Few homes look their best in the dirty grays of late winter, which is, in part, why homebuying season coincides with the arrival of spring. This year, however, the crocuses that can make a house look that much nicer are showing up alongside the less reassuring news of a virus circling the globe.
The spread of COVID-19—the disease caused by the novel coronavirus—was officially declared a pandemic by the World Health Organization on March 11. It’s already claimed more than 44,000 lives in the United States. Shelter-in-place orders have been issued for cities across the country and 26 million Americans have filed for unemployment since the outbreak of the pandemic.
If you’re already in the market for a house, all the uncertainty might have you worried about the housing market. Will COVID-19 cause housing to collapse, as it did during the financial crisis in 2008?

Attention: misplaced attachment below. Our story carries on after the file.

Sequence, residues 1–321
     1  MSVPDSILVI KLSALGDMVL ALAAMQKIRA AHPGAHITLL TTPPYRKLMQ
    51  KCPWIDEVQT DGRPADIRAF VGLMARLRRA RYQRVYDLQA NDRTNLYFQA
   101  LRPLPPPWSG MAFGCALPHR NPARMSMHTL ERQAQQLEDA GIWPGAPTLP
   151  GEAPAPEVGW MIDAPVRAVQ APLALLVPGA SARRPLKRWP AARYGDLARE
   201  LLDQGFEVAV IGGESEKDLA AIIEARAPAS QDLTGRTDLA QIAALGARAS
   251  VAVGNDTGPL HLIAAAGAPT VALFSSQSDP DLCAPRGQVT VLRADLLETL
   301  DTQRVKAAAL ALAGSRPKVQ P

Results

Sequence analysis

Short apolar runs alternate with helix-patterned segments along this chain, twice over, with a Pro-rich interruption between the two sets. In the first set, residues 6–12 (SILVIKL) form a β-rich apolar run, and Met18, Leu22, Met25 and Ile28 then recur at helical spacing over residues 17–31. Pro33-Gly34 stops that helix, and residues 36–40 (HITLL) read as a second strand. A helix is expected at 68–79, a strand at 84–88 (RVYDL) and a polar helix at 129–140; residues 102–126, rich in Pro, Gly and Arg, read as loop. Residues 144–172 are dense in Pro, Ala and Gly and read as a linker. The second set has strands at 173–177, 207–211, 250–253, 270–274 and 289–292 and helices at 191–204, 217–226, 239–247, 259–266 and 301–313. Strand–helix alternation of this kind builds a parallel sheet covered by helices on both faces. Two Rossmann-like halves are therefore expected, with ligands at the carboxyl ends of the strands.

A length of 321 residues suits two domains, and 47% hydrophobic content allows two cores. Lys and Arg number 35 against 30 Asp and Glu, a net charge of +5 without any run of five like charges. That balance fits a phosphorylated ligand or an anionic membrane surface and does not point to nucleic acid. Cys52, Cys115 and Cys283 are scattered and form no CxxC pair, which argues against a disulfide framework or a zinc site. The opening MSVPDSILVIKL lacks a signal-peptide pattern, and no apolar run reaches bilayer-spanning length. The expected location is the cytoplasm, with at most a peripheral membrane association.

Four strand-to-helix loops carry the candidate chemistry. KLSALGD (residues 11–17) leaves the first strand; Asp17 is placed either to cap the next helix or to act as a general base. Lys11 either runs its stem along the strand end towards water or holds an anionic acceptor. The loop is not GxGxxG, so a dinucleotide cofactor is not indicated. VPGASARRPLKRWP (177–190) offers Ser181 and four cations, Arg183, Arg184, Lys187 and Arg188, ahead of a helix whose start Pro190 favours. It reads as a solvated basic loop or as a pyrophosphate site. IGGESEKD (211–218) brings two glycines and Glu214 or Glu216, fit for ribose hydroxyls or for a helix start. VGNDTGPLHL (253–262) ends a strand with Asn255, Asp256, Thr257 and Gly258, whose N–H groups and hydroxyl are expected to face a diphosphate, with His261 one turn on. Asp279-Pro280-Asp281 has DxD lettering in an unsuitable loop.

Historically low inventory and rock-bottom mortgage rates would normally set the stage for a highly competitive homebuying season. While recessions normally have only a minor effect on the housing market, the coronavirus is making life and markets anything but normal.
Zillow conducted a study on housing during previous pandemics and concluded that while home sales dropped dramatically during an outbreak, home prices stayed about the same or suffered a slight decrease. This makes intuitive sense because it’s harder for prices to change when there are few transactions. In short, previous pandemics have simply put the housing market on pause.